Honestly, Ant you looks very pathetic to me. I mean Bush is an idiot, don't get me wrong. But you can't seriously (i know you do) think Bush has something specific to do with this shit. This is the army. They fight wars. That's how they fight wars. It doesn't mean shit if it's a pacific mission, or a real war. It doesn't care if it's Clinton/NATO ordering an attack or if it's Bush/UN. Or Bush alone. Army acts like that, everywhere in the world. In the ex-Jugoslavia french soldiers raped local girls. Clinton bombed the Serbian National TV. They were there for a mission of peace. This is what happens EVERYTIME there's a war. Or a mission of peace. Don't act like you're surprised. You can't fight a war for the peace. A war is a war. And peace is peace. They're there fighting a war. And those are the typical actions of a war. What's so shocking?
 

Ant

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Re: US Army Interrogator Discusses Torture in Iraq
« Reply #3 on: November 29, 2005, 07:59:15 AM »
This wasn't a typical war.  This whole mess is called "operation iraqi freedom", after the WMD couldn't be found supposedly this has bee a war to liberate the iraqi people.  You don't find any hypocrisy in learning that during "operation iraqi freedom" we're torturing iraqi civilians in their homes by smashing their legs with axes, burning them, etc?  This wasn't a war against an enemy, it was a war to liberate an oppressed people from Saddam.  If we were fighting a real enemy your argument might make sense, but according to our leaders we're there to help the iraqi people, not beat them senslessly and kill innocent civilians for the fuck of it. 

So is this Bush's fault? No, but its yet just another example of the right's hypocrisy in America.  The war supporters cant even figure out what the fuck it is they are doing over there.  One day we're liberating people, the next day when something like this comes to light, suddenly fighting a war against the enemy.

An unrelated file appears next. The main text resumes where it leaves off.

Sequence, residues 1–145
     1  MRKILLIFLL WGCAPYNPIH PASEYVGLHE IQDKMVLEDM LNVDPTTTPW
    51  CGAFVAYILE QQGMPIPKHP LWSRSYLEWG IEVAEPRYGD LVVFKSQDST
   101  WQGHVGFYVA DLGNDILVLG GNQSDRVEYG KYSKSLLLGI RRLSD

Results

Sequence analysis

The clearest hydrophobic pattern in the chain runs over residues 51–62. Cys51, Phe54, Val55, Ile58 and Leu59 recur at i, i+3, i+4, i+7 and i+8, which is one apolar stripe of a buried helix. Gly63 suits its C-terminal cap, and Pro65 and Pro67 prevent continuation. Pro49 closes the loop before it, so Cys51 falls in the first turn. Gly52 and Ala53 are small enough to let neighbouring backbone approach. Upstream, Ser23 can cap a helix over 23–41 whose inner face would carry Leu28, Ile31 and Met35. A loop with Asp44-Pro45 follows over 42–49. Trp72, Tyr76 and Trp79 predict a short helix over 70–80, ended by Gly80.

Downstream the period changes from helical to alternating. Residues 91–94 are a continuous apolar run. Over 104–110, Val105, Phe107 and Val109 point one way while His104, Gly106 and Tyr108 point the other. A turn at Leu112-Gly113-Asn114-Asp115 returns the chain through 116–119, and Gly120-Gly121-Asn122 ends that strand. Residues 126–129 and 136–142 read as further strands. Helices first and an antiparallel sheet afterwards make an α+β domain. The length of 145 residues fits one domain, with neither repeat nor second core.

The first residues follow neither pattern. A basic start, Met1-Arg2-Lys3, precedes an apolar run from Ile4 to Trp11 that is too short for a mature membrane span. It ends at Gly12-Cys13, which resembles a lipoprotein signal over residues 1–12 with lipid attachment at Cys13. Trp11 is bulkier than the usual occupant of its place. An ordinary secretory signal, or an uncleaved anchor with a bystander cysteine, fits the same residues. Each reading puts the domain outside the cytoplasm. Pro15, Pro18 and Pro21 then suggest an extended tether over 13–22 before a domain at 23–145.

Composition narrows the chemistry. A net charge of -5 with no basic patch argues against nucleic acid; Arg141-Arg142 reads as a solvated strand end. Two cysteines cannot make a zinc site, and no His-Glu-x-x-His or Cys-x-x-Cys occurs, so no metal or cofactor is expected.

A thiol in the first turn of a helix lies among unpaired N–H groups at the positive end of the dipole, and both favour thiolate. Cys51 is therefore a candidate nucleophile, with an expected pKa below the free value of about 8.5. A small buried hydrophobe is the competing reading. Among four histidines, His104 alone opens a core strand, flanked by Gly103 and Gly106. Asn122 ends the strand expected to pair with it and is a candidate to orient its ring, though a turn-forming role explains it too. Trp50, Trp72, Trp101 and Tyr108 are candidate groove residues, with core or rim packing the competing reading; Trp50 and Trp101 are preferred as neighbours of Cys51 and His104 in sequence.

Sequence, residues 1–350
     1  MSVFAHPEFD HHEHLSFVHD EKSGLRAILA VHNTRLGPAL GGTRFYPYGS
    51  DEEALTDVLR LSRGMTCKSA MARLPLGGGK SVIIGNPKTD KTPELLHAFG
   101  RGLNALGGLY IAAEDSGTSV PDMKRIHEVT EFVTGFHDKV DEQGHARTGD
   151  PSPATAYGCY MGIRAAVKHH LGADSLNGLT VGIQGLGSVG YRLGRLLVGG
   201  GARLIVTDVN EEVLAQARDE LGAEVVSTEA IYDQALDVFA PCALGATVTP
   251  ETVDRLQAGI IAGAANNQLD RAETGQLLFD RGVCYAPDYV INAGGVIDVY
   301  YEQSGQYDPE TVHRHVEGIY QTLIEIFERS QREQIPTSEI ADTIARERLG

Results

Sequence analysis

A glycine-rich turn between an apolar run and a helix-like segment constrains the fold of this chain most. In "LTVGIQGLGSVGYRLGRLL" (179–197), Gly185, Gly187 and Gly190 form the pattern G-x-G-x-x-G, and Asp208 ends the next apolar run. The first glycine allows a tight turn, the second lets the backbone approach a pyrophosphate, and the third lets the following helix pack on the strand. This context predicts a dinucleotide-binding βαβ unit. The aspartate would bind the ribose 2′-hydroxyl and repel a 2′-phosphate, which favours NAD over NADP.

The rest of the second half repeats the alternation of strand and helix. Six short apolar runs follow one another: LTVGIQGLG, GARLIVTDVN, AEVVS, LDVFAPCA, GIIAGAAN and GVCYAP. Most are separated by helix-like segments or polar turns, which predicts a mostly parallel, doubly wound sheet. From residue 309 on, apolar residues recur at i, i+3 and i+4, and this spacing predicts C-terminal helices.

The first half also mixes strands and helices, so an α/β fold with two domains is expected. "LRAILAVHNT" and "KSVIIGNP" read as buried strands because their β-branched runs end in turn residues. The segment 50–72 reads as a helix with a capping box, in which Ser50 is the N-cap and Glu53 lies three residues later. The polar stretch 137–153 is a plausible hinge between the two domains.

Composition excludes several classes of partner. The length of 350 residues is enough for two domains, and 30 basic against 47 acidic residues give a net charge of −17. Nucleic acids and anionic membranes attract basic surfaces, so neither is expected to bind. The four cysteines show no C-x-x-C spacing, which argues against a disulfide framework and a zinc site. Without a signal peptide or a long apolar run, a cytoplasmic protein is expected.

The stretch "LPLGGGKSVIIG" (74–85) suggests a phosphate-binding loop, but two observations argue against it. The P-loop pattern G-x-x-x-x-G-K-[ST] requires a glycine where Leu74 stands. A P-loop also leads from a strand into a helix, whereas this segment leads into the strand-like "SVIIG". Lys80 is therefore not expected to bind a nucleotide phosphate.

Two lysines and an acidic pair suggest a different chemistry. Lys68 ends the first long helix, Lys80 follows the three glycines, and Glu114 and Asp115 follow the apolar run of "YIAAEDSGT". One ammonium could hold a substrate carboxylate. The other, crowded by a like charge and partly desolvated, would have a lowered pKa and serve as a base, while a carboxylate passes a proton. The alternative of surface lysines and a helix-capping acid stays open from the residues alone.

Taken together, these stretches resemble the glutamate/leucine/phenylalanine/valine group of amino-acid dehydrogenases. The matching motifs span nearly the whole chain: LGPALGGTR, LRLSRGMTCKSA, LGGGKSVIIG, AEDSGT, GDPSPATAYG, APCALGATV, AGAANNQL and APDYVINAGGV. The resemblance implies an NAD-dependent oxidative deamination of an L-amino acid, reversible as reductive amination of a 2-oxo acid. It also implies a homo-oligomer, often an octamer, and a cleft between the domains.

And still, you have troops over there, we have troops over there.  But your so narrow-minded you support shit that is putting the troops at risk. 

"I felt that people were being frank, and they were telling me why they joined the insurgency or why they gave money to whatever, they were telling me that it was because somebody had been killed in their family by the Americans, or somebody had been arrested and humiliated. …"

No one has discussed us being able to acquire a wealth of valuable information from all this shit.  Instead everyone that comments on it seems to be saying the same thing.  Torture produces bad information, and only helps grow the insurgency. 
 

acbaylove

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Re: US Army Interrogator Discusses Torture in Iraq
« Reply #4 on: November 29, 2005, 08:38:43 AM »
This wasn't a typical war.  This whole mess is called "operation iraqi freedom"

Bullshit. A war is a war. This one was/is a war. The reasons (iraqi freedom. mmmm..) have nothing to do with the fact it's a war. The reason is just the political interpretation of the war, the excuse. The justification. But a war fought for the peace doesnt exists. Them soldiers were sent there to fight a real war against real enemies. They gave those soldiers a gun, they sent them to war. People died. How can you rationally think those soldiers can really consider it a "operation freedom" when people is dying? They consider it a war. So those tortures are just a natural consequence of the war. I'm not justificating them, don't get me wrong. I'm just saying it's normal to have tortures when you have enemies. And Iraqi are seen as enemies by the US soldiers. Obviously.